The ubiquitin-proteasome system is composed of three categories of enzymes that act in sequential order: Ubiquitin-activating (E1), ubiquitin-conjugating (E2), and ubiquitin ligase (E3) enzymes. Ubiquitin can be covalently attached to proteins through an enzymatic cascade by E1-3, consequently regulating protein activity or degradation through monoubiquitination or polyubiquitination (polyUb) pathways. Previous studies have confirmed that the ubiquitin-proteasome system is involved in the regulation of mitochondrial fission and fusion in response to oxidative stress and mitochondrial remodeling through the conjunction of E2 and E3 enzymes, with damaged mitochondria being separated from the mitochondrial network to prevent further cell degeneration (Norris et al., 2015). Studies have revealed that ubiquitination and autophagy systems cooperate to degrade damaged and dysfunctional mitochondria with polyUb chains via a specialized type of autophagy named mitophagy (Dikic, 2017; McWilliams and Muqit, 2017; Harper et al., 2018). A recent study reported that cells depleted of the ubiquitin-conjugating enzyme UBE2E3 tended to senescence in the absence of DNA damage and exhibited a distinct senescence-associated secretory phenotype due to the disruption of the mitochondrial network (Plafker et al., 2018).

Rad6B belongs to a group of E2 enzymes that is well known to participate in protein degradation. Humans possess two Rad6 genes, UBE2A and UBE2B, which are also known to encode Rad6A and Rad6B proteins, respectively, which exert largely overlapping functions (Game and Chernikova, 2009). However, the effects of Rad6B deficiency on mitochondria and the cellular events elicited are still unknown. In this study, we found that skin senescence caused by depletion of Rad6B with age is characterized by defective mitochondrial metabolic profiles as well as mitochondrial dysfunction and subsequent metabolic disorders. Our data provide evidence that Rad6B is essential for mitochondrial function and for maintaining normal tissue metabolism.

Materials and Methods


We used male wild-type (WT) and Rad6B knockout (KO) mice throughout the experiments and were obtained from COMM (MGI: 102944). The embryonic stem cells of Rad6B knockout C57BL/6 were generated from the knockout mouse project (KOMP) library (UC Davis), embryonic stem cells were implanted into the uterus of mice to breed transgenic mice (Guo et al., 2018; Guo et al., 2019). These two mice strains were divided into 1-, 3-, and 12-month-old groups. All animals were housed at the Lanzhou University Animal Center. The mice were kept in standard animal facilities and given free access to food and water, and efforts were made to alleviate the suffering of the mice.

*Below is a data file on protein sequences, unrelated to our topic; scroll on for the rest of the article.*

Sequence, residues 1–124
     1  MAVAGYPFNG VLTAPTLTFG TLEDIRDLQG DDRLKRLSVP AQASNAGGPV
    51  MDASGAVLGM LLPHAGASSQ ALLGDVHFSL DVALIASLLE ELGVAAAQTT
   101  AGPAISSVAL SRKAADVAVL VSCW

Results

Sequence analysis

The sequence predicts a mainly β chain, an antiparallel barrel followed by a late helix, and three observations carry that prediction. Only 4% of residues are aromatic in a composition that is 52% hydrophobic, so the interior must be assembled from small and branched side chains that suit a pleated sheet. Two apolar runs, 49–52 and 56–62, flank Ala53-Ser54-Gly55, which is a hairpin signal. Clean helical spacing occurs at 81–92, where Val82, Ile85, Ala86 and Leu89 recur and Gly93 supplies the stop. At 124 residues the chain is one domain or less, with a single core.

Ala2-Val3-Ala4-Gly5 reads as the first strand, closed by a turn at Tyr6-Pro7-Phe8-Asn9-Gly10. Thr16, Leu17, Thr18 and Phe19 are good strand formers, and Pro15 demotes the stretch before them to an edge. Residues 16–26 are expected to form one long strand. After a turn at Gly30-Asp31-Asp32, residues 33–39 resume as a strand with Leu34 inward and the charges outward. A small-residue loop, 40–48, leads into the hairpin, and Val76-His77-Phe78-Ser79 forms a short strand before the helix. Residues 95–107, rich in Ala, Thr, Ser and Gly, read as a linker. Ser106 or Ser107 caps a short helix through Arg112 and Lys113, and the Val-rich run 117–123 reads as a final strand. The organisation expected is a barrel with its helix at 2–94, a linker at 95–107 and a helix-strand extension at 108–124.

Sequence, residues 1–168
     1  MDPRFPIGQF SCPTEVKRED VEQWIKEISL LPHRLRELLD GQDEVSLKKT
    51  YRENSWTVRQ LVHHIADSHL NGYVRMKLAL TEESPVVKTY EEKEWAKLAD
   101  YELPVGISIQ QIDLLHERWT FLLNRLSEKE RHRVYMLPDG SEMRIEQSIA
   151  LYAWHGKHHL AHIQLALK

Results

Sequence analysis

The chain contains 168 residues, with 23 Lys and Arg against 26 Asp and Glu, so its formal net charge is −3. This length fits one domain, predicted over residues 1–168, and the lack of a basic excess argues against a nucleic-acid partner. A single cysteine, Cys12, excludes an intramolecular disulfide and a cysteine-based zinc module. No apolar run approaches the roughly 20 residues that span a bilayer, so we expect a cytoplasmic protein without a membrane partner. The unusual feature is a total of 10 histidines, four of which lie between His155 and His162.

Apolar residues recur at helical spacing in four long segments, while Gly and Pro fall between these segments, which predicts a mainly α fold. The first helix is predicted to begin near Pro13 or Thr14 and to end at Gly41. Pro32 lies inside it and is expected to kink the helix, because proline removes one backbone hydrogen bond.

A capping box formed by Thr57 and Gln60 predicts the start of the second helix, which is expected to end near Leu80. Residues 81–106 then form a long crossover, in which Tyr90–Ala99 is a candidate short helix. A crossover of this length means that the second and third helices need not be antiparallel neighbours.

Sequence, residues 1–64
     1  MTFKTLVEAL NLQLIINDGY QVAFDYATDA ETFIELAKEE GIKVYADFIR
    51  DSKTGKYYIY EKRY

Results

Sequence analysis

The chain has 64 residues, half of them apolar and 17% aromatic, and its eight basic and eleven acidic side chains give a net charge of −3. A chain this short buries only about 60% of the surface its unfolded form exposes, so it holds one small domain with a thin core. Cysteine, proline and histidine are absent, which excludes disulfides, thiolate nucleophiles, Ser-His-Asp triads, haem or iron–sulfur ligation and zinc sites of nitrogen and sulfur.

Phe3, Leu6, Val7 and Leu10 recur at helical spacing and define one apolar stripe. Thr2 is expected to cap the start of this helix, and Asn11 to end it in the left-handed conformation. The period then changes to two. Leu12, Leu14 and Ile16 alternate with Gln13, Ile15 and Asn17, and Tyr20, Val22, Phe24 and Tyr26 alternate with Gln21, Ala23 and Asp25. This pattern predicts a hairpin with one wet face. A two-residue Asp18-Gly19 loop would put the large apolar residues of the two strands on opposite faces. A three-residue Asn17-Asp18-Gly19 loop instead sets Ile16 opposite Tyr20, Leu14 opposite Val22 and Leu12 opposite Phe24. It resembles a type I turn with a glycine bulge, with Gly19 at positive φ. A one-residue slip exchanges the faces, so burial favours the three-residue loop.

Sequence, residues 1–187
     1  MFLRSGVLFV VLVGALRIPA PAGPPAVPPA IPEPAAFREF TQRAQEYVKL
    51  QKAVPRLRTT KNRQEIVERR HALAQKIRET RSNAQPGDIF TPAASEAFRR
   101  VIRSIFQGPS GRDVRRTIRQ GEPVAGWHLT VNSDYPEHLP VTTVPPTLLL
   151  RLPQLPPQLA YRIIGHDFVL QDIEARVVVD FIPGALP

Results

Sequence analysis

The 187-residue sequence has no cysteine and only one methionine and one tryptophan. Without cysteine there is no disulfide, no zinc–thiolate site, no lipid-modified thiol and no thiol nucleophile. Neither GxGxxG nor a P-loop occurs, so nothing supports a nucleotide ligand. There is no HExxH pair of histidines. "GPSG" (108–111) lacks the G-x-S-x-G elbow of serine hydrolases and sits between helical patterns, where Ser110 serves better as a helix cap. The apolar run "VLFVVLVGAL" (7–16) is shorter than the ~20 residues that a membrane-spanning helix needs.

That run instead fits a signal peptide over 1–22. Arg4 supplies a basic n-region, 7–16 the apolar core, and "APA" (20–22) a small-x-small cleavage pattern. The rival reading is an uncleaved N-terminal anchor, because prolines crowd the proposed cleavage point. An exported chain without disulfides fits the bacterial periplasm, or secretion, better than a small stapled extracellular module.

Primary cell culture

Murine skin fibroblasts were isolated from dorsal skin tissues, and the 0.5 × 1 cm full-thickness dorsal skin tissues were obtained. Briefly, skin tissues were steeped with 75% alcohol for about 30 s and subsequently washed three times in phosphate-buffered saline (PBS) with antibiotics (penicillin and streptomycin). Afterwards, the skin tissues were cut into small pieces and incubated with Type I collagenase (BIOSHARP) at 37°C for 2–3 h. After being centrifuged and washed repeatedly, the skin fibroblasts isolated were grown in RPMI 1640 medium supplemented with 10% fetal bovine serum (FBS) in an incubator at 37°C with 5% CO2.

Analysis of ATP content

Adenosine triphosphate (ATP) contents of mouse skin tissues were detected using a commercial ATP Content Assay Kit (Solarbio, BC0300). Briefly, skin tissues (0.1 g) were lysed with 1 mL extraction buffer and centrifuged at 8000 × g for 10 min, the supernatant was collected, and 500 mL of chloroform were added, after which the samples were centrifuged at 10000 × g for 3 min. The absorbance of the supernatant was measured immediately using the Automatic Enzyme Marker System (TECAN, SPARK, 1710002409) at 340 nm. Relative ATP contents were normalized against the control samples.

Paraffin-embedded sections

For this, the dorsal skins of the mice were fixed in 4% buffered formalin, embedded in paraffin, and sectioned into 5 μm thick slices. After dewaxing, the sections were stained with hematoxylin and eosin (H&E). For immunohistochemistry analyses, the paraffin sections were incubated with anti-TFAM (Abcam, ab272885), anti-PGC-1α (Proteintech, 66369-1-AP) primary antibodies, subsequently with biotin-conjugated, affinity-purified goat anti-rabbit IgG (H&L) and HRP-conjugated streptavidin at 37°C, with 3,3-diaminobenzidine serving as the chromogenic substrate. For Masson’s trichrome staining, the sections were used sequentially with hematoxylin and ferric oxide, ponceau, glacial acetic acid, phosphomolybdic acid, and aniline blue, and then the sections were mounted with neutral gum.

Western blotting